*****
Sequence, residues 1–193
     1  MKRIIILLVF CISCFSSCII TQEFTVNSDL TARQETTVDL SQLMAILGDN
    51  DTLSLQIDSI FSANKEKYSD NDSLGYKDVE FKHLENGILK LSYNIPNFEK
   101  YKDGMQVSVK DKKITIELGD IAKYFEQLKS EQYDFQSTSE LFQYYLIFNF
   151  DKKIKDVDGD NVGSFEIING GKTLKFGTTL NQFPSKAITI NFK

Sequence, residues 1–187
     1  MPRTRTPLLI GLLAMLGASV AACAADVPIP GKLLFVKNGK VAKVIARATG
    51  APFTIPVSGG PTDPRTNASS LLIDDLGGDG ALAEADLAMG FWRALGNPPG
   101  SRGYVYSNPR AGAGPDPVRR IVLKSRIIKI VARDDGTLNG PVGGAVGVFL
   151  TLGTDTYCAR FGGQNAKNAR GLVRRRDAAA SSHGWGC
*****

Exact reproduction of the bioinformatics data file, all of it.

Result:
Sequence, residues 1–193
     1  MKRIIILLVF CISCFSSCII TQEFTVNSDL TARQETTVDL SQLMAILGDN
    51  DTLSLQIDSI FSANKEKYSD NDSLGYKDVE FKHLENGILK LSYNIPNFEK
   101  YKDGMQVSVK DKKITIELGD IAKYFEQLKS EQYDFQSTSE LFQYYLIFNF
   151  DKKIKDVDGD NVGSFEIING GKTLKFGTTL NQFPSKAITI NFK

Sequence, residues 1–187
     1  MPRTRTPLLI GLLAMLGASV AACAADVPIP GKLLFVKNGK VAKVIARATG
    51  APFTIPVSGG PTDPRTNASS LLIDDLGGDG ALAEADLAMG FWRALGNPPG
   101  SRGYVYSNPR AGAGPDPVRR IVLKSRIIKI VARDDGTLNG PVGGAVGVFL
   151  TLGTDTYCAR FGGQNAKNAR GLVRRRDAAA SSHGWGC